The Plaintiffs argued that the Defendants, without authorization, had illegally adopted, modified, and replicated significant parts of their literary works, thus infringing on their intellectual property rights. The Defendants contended that they had introduced their wedding show, “Samantha Bridal,” before the Plaintiffs’ show, asserting that their work was independently created and copyrighted.

The court noted that the dispute was not about the existence of the Defendants’ show but about the “running order” of the show. The Plaintiffs claimed that the Defendants had altered their previous format to closely resemble the Plaintiffs’ show, thereby copying their unique running order. The Defendants argued that the Plaintiffs were unjustly attempting to monopolize common elements of wedding shows, such as hen parties, limousine rides, and host gifts, which do not constitute proprietary content. The Plaintiffs presented side-by-side video comparisons to demonstrate the similarities between the shows.

While certain common elements in wedding shows, like the use of a limousine, might seem obvious, the Plaintiffs insisted that the Defendants had consistently produced “Samantha Bridal” with a distinct format until they allegedly acquired the Plaintiffs’ running order and made substantial changes to mirror it, presenting it as a novel format.

The Kenyan Court determined that the Plaintiffs had established a prima facie case, fulfilling one of the conditions necessary for the granting of an interlocutory injunction. In the case of Rex Owusu Marfo (aka Rex Omar) v. Joy Industries Ltd decided on 17 June 2021, the Ghanaian Court of Appeal upheld the High Court’s decision, awarding Rex Omar damages for copyright violation by Joy Industries Ltd.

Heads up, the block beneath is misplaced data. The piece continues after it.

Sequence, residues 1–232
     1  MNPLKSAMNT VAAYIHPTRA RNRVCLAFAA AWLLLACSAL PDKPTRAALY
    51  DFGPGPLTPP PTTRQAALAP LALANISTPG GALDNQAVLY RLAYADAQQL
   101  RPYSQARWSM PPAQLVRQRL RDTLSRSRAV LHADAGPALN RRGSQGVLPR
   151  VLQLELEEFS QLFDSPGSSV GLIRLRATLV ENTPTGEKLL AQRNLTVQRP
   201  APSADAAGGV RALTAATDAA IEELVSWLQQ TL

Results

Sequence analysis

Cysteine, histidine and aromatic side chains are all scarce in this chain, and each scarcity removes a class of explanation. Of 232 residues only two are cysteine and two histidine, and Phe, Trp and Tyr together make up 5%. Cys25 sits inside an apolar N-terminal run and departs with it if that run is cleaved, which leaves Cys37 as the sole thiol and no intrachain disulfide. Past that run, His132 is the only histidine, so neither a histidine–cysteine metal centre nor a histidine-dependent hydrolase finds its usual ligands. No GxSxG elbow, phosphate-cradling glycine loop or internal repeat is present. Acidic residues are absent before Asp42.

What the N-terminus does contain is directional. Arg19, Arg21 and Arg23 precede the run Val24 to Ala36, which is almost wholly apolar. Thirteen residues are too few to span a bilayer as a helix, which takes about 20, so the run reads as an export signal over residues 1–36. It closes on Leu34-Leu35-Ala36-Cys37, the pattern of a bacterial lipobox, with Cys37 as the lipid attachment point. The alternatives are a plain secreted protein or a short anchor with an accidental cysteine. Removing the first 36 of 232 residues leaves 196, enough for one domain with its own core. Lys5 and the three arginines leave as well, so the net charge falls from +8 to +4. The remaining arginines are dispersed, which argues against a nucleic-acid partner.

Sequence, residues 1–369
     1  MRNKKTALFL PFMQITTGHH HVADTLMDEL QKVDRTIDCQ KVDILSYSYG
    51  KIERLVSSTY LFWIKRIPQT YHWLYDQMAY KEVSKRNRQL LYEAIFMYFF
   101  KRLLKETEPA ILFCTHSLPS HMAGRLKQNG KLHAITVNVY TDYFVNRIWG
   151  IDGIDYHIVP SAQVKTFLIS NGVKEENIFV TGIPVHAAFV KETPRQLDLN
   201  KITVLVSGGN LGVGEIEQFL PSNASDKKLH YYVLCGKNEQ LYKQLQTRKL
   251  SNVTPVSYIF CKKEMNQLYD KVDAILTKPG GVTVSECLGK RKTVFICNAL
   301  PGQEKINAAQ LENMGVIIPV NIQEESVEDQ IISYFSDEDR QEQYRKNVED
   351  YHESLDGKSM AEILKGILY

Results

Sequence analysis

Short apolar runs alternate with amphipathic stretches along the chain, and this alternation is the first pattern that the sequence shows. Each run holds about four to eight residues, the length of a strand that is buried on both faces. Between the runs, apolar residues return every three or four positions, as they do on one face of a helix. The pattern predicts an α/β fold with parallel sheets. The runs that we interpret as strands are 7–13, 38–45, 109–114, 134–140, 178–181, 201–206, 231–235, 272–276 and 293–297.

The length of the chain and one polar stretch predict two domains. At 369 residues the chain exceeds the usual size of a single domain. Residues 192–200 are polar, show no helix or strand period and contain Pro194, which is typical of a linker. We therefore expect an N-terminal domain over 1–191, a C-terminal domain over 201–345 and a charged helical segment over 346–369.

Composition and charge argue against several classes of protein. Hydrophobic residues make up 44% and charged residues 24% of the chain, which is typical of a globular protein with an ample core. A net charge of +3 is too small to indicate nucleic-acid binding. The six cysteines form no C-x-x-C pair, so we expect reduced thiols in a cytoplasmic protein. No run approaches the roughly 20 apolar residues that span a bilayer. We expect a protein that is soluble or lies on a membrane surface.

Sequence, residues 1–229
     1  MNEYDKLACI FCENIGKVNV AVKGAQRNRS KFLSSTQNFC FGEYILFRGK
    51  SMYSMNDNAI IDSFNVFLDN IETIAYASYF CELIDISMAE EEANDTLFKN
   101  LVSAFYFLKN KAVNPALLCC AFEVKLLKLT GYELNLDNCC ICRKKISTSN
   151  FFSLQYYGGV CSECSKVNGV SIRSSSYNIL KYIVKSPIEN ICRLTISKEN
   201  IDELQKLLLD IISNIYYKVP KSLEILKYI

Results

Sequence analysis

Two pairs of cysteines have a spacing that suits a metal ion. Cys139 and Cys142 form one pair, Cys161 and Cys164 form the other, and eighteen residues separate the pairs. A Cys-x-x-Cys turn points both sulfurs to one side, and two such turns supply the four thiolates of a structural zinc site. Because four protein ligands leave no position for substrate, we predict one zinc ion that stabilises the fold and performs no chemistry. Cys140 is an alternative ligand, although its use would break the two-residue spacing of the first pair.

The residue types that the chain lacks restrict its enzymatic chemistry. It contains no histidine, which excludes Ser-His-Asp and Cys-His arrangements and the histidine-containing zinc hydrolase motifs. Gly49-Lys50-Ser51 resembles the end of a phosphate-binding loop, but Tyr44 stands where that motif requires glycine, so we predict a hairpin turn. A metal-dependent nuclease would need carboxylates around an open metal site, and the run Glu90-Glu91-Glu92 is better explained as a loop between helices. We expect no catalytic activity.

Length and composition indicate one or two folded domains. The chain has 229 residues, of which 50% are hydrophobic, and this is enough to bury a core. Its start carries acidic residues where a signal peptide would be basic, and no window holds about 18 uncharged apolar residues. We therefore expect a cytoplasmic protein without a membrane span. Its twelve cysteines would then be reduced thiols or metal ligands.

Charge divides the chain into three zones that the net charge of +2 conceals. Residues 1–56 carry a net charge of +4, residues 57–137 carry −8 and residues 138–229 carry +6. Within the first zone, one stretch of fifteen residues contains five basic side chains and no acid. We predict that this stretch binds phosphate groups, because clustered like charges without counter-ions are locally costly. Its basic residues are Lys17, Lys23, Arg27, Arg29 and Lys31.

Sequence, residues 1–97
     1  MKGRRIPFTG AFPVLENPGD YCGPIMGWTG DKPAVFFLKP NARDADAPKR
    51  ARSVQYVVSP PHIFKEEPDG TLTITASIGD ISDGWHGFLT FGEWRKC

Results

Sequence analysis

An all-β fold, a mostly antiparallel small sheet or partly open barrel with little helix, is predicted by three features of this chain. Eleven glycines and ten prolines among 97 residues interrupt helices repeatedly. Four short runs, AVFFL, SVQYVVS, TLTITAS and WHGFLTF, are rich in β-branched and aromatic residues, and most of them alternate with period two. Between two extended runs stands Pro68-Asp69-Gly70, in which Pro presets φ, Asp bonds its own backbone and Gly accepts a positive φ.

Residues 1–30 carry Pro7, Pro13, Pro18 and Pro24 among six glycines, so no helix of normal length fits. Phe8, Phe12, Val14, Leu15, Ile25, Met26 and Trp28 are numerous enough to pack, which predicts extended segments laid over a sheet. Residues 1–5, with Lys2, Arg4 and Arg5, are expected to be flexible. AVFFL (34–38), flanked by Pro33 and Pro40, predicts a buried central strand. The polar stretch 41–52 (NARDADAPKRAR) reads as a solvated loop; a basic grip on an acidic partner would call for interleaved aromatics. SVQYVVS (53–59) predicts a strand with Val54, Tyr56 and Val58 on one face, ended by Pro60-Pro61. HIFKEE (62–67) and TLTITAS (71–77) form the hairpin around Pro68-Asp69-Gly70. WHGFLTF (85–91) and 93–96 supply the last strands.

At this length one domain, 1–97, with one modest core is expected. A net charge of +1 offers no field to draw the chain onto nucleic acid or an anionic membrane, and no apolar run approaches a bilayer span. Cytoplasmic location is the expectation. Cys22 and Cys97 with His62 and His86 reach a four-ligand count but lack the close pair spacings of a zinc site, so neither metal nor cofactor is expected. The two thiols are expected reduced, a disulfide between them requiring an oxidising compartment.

The court clarified that the appellant’s use of the same tune or melody from the respondent’s song in their advertisement, despite having different lyrics, constituted a copyright infringement. The court cited the legal principle that reproduction involves sufficient objective similarity and a causal connection between the works, concluding that the appellant’s advertisement was a clear reproduction of the respondent’s original song.

The court referenced Halsbury’s Laws of England and previous cases, emphasizing that copyright infringement is determined by the similarity in the essential elements of the works, such as melody and lyrical arrangement, regardless of differences in lyrics. The evidence presented, including musical notations and declarations, supported the finding that Joy Industries Ltd. had reproduced significant parts of Rex Omar’s work. Thus, the appeal was dismissed, and the original judgment was upheld.

Furthermore, the court noted that earnings from the copyrighted work are irrelevant in determining damages for infringement. The right owner is entitled to damages simply upon proof of infringement, irrespective of financial gain from the work. The court underscored that copyright is a proprietary right, and the motive or intention behind the infringement does not affect the right owner’s entitlement to damages.